In the class of 2016 signees, four players (Joel Angus III, Tony Anderson, Jaylin Stewart, and Clyde Santee) all opted to leave the program.

Angus III saw his minutes at Hofstra decline, his shooting percentage get worse, and his scoring cut in half.

Anderson declared for the NBA Draft following his freshman season of coming off the bench for the Redhawks (needless to say, he wasn’t drafted), and there is no record of Stewart and Santee ever playing collegiately again.

The following year, Tahj Eaddy, Dondre Duffus, William Tchiengang, Jaylen Benton, and Denzel Mahoney all elected to leave Southeast.

Eaddy had two productive seasons at Santa Clara, but recently chose to leave for a final season at USC (thus, making the number six for how many high schools, prep schools, and colleges in which he has played), Duffus averaged 2.1 points per game for Eastern Illinois (his fourth college) this season, Tchiengang played sparingly at NCAA Division II Angelo State, and Benton transferred to Youngstown State and saw his starts decrease from 17 to 4 and his minutes drop from 19 to 15 (and that doesn’t even include the fact that he was in Youngstown, Ohio for a year, but I digress).

Many Southeast fans still talk of Mahoney and follow his contributions at Creighton this past season. However, his minutes and starts with the Bluejays both dropped precipitously from his time at Southeast and he shot a worse percentage.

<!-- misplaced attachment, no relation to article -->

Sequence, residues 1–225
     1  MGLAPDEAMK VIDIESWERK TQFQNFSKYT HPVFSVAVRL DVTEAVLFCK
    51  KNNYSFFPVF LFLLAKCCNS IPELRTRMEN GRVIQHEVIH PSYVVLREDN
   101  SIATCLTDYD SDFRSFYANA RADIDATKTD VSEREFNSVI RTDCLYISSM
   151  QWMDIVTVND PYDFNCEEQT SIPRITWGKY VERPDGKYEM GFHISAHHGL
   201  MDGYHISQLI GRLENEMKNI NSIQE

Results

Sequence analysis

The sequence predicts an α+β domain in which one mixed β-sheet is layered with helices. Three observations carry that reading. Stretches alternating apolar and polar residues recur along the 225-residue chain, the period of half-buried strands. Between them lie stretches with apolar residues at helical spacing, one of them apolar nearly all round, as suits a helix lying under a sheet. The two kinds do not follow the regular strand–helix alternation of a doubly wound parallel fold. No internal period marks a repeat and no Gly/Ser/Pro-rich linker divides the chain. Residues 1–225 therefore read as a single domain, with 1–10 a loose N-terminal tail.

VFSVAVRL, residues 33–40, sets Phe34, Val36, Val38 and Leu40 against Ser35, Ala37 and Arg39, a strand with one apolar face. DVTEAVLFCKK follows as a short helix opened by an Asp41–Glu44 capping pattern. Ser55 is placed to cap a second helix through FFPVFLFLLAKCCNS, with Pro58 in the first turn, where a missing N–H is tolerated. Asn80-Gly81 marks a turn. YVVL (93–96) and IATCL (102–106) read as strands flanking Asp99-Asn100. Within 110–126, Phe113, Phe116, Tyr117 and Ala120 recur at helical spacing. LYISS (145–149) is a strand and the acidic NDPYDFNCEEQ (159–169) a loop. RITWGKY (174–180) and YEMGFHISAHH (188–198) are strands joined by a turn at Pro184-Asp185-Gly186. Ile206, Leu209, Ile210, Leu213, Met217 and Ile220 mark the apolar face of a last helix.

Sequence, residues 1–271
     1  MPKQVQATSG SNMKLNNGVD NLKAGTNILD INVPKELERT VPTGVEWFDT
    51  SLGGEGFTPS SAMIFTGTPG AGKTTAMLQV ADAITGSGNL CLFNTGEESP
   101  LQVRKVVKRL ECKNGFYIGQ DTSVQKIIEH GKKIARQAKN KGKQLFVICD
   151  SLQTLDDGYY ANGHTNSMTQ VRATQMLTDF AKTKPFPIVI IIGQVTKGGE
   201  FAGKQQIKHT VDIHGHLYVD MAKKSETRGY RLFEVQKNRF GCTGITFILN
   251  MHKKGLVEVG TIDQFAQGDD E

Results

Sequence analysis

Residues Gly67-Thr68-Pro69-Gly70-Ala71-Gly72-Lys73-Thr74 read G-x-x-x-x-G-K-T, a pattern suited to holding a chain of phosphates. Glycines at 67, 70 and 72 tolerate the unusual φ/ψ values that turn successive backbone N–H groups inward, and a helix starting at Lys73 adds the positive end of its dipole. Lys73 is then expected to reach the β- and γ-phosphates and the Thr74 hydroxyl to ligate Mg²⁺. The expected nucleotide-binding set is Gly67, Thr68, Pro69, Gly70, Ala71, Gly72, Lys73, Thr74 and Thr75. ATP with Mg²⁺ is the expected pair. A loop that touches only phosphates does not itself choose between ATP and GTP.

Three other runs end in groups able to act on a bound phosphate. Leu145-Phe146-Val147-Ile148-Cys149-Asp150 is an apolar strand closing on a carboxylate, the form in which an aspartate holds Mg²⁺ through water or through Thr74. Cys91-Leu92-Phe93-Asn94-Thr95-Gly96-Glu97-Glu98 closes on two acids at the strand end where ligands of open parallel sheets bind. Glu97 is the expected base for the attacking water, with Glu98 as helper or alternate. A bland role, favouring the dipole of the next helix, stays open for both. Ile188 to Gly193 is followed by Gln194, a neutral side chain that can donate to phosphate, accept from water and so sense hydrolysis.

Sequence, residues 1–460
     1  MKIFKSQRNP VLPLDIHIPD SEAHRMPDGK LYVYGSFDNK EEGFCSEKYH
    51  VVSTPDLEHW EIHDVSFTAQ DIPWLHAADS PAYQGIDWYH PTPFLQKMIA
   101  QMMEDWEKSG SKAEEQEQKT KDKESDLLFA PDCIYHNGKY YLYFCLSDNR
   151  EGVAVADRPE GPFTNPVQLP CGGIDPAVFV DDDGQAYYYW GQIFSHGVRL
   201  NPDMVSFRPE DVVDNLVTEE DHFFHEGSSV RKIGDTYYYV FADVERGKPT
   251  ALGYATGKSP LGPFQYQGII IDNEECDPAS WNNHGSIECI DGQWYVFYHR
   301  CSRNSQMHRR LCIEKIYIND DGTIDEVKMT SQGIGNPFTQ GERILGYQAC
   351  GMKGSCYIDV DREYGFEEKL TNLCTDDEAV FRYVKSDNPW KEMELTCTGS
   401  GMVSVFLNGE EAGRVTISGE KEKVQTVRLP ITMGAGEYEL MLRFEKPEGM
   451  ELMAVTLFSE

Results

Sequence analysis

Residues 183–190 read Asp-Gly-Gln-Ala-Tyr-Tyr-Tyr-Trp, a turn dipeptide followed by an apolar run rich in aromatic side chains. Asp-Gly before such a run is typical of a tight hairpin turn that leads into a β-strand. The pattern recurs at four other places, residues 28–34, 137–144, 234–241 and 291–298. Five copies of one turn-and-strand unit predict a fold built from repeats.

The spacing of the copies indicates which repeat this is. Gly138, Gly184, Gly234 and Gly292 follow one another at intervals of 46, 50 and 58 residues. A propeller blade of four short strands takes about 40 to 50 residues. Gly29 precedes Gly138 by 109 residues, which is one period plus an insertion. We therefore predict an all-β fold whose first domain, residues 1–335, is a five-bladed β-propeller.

So the message to pro scouts is, the higher Mahoney climbs in competition, the worse statistically he becomes.

How is that helping his future?

Mahoney could have finished his career as THE key piece in rebuilding a Southeast program and been lauded as one of the all-time greats in Redhawk lore.

Which brings me to the final issue that transferring players never think of. Their ability to network in the future.

For every player, at every level, at some point, their athleticism will diminish and their careers end. That is when professional contacts are the most vital.

When a player bolts from his first (or second) college early, in order to spend a brief amount of time at his final destination, he has burned that networking bridge at School A (and B), and wasn’t at his last stopover long enough to develop those “genuine” relationships that Korn mentioned.

That player is a 27-year-old basketball vagabond with no place to call home, no fan base that remembers him or cares to, and no coaching staff to help him transition to the next phase of his life.

As it turns out, his “circle,” which is comprised of uninformed people telling him that “Coach (fill in the blank) is holding you back” never thought about that, did they?

So for all of those players that think poor decision making will never negatively impact them, go ahead, roll the dice and transfer.

Good luck. You will more than likely need it.

Tom Davis is the regional sports editor for and the Southeast Missourian.